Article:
We all remember savings bonds. Once a popular gift for young children, parents could secure the bonds knowing that they could cash them out in the future.
At that time, savings bonds were typically purchased through an employer or a local financial institution. What made them particularly appealing was the ability to purchase a $50.00 savings bond for $25.00. The idea was to hold onto the bond until maturity, where the bond could be redeemed at face value, plus any interest accrued.
The recent economic environment has caused most people to reconsider their personal finances with many having to drastically change their spending and savings habits. Out of this economic malaise may come an opportunity to finally instill the right habits in your teens that can carry them into adulthood on the right financial footing. Just as our parents and grandparents of the Great Depression era developed deeply ingrained attitudes about finances from their experience, our teens can share in the lessons of today’s “great recession” generation.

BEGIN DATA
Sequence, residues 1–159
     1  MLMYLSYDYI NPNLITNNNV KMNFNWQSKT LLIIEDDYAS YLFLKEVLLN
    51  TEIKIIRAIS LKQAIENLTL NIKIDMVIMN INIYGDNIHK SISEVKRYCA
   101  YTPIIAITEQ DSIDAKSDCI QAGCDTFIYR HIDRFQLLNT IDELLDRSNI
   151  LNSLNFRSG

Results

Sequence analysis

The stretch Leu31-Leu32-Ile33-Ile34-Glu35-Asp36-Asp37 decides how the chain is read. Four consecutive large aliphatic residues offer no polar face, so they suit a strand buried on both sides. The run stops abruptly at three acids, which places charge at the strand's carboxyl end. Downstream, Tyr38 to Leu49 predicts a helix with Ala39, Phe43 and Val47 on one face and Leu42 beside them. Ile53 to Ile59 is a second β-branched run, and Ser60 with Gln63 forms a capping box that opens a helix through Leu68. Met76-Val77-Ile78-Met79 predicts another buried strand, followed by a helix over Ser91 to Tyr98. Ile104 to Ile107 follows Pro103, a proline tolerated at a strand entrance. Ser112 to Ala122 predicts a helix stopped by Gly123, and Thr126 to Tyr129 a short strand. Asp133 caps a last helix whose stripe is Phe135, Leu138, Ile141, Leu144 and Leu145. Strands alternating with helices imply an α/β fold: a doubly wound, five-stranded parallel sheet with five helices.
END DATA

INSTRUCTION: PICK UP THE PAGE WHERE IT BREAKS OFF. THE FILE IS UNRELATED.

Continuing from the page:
There is no getting around it—health insurance is complex and complicated. You have to have it and there is no one-size-fits-all solution. And, when your child is living with a special need it makes the whole process even more complicated. Finding in-network specialists, scheduling exams, and keeping track of copayments and deductibles can be exhausting. This struggle is all too real for the families and guardians of the 10.2 million U.S. children (14% of all American children), who have special health care needs, according to a Health Resources and Services Administration survey.